Canada: New Housing Price Index, July 2017

Market conditions in Vancouver contributed to ongoing strength in that census metropolitan area (CMA), and helped drive new home prices up 0.4% nationally in July.

New Housing Price Index, monthly change

New house prices in Vancouver continued their upward trend, rising 2.0% from June to July. Prices have grown 7.7% in the CMA since the start of the year due to strong demand for housing. First-time home buyers have been eligible for a loan of up to 5% (to a maximum of $37,500) of a home’s purchase price under the B.C. Home Partnership program introduced in January.

Toronto reported no change in new home prices for the second consecutive month. With the exception of Hamilton (+1.5%) and London (+0.9%), prices remained muted in the rest of Southern Ontario as well.

Overall, prices were up in 12 metropolitan areas and were unchanged in the other 15.

New Housing Price Index, 12-month change

New house prices in Canada rose 3.8% over the 12-month period ending in July. Vancouver experienced the largest year-over-year price increase (+7.8%) among surveyed CMAs, followed closely by Toronto and London (both +7.4%).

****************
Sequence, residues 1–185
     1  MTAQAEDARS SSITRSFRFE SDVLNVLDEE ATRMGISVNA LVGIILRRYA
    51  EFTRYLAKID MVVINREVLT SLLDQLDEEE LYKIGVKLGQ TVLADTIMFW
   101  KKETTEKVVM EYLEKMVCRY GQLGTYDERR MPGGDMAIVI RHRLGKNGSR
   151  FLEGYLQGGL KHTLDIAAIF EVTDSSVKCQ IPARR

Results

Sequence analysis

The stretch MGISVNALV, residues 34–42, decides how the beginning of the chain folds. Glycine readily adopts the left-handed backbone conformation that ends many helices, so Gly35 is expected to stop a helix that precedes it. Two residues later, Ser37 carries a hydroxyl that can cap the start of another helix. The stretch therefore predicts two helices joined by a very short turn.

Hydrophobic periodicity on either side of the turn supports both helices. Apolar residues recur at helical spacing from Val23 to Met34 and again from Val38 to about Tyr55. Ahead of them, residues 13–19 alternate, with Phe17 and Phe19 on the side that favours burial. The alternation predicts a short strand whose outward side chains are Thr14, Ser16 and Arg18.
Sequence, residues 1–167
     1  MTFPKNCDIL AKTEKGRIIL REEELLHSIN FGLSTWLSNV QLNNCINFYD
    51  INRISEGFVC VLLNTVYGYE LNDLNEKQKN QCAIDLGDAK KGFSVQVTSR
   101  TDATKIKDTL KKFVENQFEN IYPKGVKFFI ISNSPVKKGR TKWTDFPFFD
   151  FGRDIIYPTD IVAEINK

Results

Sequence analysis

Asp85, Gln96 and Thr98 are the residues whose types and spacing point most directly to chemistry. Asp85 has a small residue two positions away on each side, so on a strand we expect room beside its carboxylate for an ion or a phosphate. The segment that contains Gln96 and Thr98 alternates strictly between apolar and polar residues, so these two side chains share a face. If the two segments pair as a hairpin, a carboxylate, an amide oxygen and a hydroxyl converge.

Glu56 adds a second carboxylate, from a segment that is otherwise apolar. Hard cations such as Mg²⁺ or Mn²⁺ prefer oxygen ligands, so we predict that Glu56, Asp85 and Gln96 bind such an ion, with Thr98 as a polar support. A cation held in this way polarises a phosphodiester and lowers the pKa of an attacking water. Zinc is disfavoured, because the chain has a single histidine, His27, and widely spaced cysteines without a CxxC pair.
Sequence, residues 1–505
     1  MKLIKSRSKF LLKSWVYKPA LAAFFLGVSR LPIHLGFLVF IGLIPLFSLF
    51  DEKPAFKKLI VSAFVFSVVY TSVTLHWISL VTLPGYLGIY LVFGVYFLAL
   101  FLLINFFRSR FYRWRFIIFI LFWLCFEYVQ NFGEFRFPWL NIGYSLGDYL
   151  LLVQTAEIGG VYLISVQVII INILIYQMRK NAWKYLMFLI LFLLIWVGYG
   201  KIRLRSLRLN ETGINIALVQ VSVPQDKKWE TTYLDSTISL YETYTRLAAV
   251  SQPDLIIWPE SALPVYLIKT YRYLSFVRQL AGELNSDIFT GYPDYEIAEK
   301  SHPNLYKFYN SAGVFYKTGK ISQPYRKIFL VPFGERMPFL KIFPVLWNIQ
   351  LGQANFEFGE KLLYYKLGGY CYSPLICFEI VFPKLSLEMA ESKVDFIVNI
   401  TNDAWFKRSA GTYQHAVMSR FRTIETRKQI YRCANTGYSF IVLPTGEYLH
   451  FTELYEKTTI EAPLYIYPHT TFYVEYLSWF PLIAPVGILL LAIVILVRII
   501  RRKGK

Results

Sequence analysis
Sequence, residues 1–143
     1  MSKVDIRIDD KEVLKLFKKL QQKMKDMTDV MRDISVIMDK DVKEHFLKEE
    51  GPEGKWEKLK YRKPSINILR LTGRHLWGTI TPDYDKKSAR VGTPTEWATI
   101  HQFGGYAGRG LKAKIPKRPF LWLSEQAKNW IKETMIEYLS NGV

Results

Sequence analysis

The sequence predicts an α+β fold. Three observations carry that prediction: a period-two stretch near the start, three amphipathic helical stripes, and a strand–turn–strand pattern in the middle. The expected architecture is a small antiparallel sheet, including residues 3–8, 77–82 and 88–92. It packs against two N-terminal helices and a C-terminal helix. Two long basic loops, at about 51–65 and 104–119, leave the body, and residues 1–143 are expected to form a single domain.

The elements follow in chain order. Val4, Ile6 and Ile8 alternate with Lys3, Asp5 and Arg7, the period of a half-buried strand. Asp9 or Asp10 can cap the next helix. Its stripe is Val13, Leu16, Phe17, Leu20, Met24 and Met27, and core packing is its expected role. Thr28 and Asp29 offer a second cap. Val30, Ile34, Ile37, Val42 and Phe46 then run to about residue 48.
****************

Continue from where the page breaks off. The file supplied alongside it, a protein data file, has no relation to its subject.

Reflecting continued weakness in the housing market, CMAs in Alberta and Saskatchewan recorded three of the four year-over-year declines.

StatsCanada

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Dean Popplewell

Dean Popplewell

Vice-President of Market Analysis at MarketPulse
Dean Popplewell has nearly two decades of experience trading currencies and fixed income instruments. He has a deep understanding of market fundamentals and the impact of global events on capital markets. He is respected among professional traders for his skilled analysis and career history as global head of trading for firms such as Scotia Capital and BMO Nesbitt Burns. Since joining OANDA in 2006, Dean has played an instrumental role in driving awareness of the forex market as an emerging asset class for retail investors, as well as providing expert counsel to a number of internal teams on how to best serve clients and industry stakeholders.
Dean Popplewell